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General News of Wednesday, 30 July 2003

Source: GNA

Wreath laying ceremonies mark Emancipation Day

Accra July 30 GNA- Special Wreath Laying Ceremonies were on Wednesday held in Accra as part of celebrations marking this year's Emancipation Day.

The three separate ceremonies were performed at the Dr. W.E.B DuBois Centre, George Padmore Library and the Kwame Nkrumah Mausoleum. This year's Emancipation Day celebrations is under the theme: "Emancipation: Our heritage, Our strength".

In all five different wreaths were laid at the three separate ceremonies.

Master Kweku Atia of St. Thomas Aquinas Secondary School laid the first wreath on behalf of the Youth of Africa, while Mr. Maisie Howell laid the second wreath on behalf of Caribbean Association of Ghana.

Ms. Annie Hall laid the next wreath for the African-American Association of Ghana, while Simon Alhassan laid the fourth wreath for the Traditional rulers in the country.

Alhaji Rashid Bawa, Minister of State, Youth and Sports performed the last ceremony on behalf of the Government and people of Ghana. In an address Nana Akomea, Minister of Information said the emancipation day symbolizes freedom for millions of Africans from slavery in the Americas, the Caribbean and Europe.

"Those 200 years of slavery were without doubt the most brutal example of subjugation and inhumanity in modern history" The Minister said Africans are in for another emancipation, this time the struggle for social, cultural and economic emancipation. "Our freedom from slavery and colonialism will be meaningless without a freedom of our minds"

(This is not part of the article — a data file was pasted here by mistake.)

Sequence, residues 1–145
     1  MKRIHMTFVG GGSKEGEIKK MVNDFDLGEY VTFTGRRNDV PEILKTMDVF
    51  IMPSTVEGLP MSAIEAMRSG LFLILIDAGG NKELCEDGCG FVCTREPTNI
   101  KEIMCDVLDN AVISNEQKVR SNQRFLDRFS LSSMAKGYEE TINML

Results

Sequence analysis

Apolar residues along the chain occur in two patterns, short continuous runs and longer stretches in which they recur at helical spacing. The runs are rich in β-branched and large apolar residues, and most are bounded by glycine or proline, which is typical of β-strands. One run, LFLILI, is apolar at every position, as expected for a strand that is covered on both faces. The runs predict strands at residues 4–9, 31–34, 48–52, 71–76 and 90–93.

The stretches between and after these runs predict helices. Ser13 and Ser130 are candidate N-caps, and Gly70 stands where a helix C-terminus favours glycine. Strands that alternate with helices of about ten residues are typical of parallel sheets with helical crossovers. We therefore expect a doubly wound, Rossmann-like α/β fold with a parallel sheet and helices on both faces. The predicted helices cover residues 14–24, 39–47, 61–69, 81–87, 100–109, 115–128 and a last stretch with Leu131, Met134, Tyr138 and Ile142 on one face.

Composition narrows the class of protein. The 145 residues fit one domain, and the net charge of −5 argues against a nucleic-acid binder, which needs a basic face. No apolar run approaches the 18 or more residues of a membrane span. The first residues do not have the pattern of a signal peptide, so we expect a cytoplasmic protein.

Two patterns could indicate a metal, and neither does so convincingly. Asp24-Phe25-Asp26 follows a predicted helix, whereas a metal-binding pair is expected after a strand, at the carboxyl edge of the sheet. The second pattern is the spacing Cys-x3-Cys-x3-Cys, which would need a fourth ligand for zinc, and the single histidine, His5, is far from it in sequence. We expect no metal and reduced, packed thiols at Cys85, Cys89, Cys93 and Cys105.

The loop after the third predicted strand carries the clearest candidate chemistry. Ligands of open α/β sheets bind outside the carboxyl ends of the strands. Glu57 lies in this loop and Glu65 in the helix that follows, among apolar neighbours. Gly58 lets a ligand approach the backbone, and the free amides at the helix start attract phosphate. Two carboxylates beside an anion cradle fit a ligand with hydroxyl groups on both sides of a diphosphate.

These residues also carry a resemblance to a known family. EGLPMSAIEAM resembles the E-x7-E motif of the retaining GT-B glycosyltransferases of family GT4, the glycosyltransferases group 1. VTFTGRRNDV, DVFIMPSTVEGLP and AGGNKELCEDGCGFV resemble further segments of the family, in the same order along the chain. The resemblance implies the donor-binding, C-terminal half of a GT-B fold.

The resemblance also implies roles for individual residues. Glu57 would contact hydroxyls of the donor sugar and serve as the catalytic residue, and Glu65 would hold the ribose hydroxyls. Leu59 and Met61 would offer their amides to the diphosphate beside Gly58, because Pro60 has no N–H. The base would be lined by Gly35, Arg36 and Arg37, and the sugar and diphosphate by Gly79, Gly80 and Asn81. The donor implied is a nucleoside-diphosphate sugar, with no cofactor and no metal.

He said Africa is the world poorest continent and also the least represented as far as global culture and social development is concern. "The stories of mass famine, wars, genocide and wicked leadership have become too familiar in Africa"

On his part, Alhaji Rashid Bawa urged the delegates to appreciate the sacrificial works done by stalwarts like W.E.B.DuBois and others. " As a symbol of this remembrance and acknowledgement, we have come to pay our respect to him and his other colleagues"

He asked the delegates for a minute's silence to be observed for the late Sonny Carson, who brought the remains of his ancestor, Samuel Carson to be reburied at Assin Manso in 1998. There were fraternal and goodwill messages from the African-Americans and Caribbeans in the Diaspora and the representatives from the African Union.